Tuesday, December 07, 2021

Mysterious galactic X-rays may point to dark matter

Researchers, including those from MIT and Yale Centre for Astronomy and Astrophysics in the US, analysed the energy spectrum of X-rays.

By: PTI | Boston |
February 7, 2017 6:30:29 pm
Nasa, Milky way, X ray signal, Chandra satellite, dark matter, photons, X ray satellites, gravitational energy, universe, galaxy, science, science news Researchers, including those from MIT and Yale Centre for Astronomy and Astrophysics in the US, analysed the energy spectrum of X-rays.

A small but distinctive X-ray signal detected from the Milky Way galaxy by NASA’s Chandra satellite may help prove the existence of dark matter, scientists have claimed. Researchers, including those from Massachusetts Institute of Technology (MIT) and Yale Centre for Astronomy and Astrophysics in the US, analysed the energy spectrum of X-rays.

They found more X-ray photons with a particular energy than would be expected if they were produced only by familiar processes. Those photons could in fact have been generated by the decay of dark matter particles, say the researchers. This is not the first time that scientists have seen extra photons with an energy of about 3,500 electronvolts in the spectra recorded by X-ray satellites.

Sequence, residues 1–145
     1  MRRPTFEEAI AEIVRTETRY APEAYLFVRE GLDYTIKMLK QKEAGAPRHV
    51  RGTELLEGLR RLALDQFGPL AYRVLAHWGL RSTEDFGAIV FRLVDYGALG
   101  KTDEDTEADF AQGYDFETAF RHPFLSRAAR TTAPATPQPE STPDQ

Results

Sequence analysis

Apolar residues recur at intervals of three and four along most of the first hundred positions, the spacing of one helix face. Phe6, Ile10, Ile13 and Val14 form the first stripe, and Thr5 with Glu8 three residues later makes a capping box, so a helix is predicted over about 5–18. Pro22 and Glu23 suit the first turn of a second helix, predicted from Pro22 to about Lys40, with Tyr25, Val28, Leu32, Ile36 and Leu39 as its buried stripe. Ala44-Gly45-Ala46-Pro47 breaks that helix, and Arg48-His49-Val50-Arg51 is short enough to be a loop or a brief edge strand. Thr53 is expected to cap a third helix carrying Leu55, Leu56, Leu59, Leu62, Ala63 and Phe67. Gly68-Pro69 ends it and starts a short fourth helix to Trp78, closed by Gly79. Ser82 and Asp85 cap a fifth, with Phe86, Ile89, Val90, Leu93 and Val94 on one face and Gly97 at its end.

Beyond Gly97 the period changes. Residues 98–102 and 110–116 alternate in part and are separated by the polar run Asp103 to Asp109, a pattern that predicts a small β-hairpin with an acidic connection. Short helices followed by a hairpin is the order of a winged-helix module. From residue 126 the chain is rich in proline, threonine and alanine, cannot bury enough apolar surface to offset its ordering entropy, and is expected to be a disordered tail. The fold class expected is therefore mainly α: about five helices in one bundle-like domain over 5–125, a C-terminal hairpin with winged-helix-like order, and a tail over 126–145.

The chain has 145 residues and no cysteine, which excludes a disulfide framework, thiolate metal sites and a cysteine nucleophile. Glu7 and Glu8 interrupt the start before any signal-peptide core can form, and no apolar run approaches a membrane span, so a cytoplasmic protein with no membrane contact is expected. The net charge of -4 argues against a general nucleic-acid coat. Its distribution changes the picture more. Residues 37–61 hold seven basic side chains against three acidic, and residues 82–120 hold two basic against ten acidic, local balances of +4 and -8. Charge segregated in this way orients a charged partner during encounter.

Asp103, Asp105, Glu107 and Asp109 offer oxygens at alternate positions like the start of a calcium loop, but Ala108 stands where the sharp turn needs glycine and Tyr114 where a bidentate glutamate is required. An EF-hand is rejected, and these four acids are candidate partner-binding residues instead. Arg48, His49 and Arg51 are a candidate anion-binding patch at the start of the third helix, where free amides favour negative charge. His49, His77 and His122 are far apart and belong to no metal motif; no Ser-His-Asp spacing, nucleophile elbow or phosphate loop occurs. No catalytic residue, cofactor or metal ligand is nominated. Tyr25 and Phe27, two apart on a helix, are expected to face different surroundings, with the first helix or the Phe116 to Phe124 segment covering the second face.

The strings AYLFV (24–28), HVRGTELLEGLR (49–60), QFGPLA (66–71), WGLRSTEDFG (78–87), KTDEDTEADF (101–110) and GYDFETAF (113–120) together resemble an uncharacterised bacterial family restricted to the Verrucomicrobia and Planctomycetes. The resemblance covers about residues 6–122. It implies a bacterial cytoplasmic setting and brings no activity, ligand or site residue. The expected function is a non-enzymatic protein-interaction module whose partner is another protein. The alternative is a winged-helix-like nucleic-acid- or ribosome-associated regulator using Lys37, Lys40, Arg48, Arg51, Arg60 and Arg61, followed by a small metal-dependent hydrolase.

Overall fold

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However, previously it was not clear whether the bump, or line, created by the photons in the otherwise smooth spectrum was merely an instrumental artefact, said Kevork Abazajian, from the University of California, Irvine. Scientists reckon that dark matter makes up more than 80 per cent of all the mass in the universe.

As its name suggests, it gives off no light, but reveals its presence through the gravitational tug it exerts on stars within galaxies. For years, physicists have been trying to detect particles of dark matter directly by intercepting them using instruments on Earth.

The latest research, carried out by Nico Cappelluti at Yale, targets relatively light particles of dark matter, ‘BBC News’ reported. Esra Bulbul of the Kavli Institute for Astrophysics and Space Research at the MIT was the first scientist to spot an anomalous line at 3.5 keV, when looking at the X-ray spectra of large numbers of galaxy clusters in 2014.

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